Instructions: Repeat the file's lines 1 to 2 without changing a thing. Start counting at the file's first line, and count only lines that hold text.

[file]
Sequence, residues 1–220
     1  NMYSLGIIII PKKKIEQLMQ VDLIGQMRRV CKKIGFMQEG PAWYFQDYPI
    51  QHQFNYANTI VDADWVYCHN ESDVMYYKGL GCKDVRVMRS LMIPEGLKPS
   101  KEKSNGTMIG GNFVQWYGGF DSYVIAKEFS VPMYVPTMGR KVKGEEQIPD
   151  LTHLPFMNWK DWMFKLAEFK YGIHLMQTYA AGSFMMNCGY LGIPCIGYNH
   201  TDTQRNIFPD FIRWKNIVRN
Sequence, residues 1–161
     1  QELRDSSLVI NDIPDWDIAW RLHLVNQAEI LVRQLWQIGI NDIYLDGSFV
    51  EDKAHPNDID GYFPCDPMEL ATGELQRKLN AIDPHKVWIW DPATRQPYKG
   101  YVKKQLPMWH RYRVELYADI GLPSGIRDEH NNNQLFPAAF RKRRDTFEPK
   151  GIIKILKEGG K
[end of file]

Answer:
Sequence, residues 1–220
     1  NMYSLGIIII PKKKIEQLMQ VDLIGQMRRV CKKIGFMQEG PAWYFQDYPI